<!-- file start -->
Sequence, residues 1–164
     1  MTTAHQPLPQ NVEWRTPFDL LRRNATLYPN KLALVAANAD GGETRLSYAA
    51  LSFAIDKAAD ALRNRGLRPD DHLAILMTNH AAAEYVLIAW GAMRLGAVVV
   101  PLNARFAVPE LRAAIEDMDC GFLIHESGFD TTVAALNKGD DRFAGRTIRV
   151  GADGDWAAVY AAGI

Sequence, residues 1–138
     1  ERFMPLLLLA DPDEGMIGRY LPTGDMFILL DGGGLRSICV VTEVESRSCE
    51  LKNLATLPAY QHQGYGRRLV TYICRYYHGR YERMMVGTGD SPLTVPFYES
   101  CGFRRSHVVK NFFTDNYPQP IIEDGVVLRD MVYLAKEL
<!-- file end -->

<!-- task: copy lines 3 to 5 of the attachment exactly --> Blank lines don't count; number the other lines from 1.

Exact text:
    51  LSFAIDKAAD ALRNRGLRPD DHLAILMTNH AAAEYVLIAW GAMRLGAVVV
   101  PLNARFAVPE LRAAIEDMDC GFLIHESGFD TTVAALNKGD DRFAGRTIRV
   151  GADGDWAAVY AAGI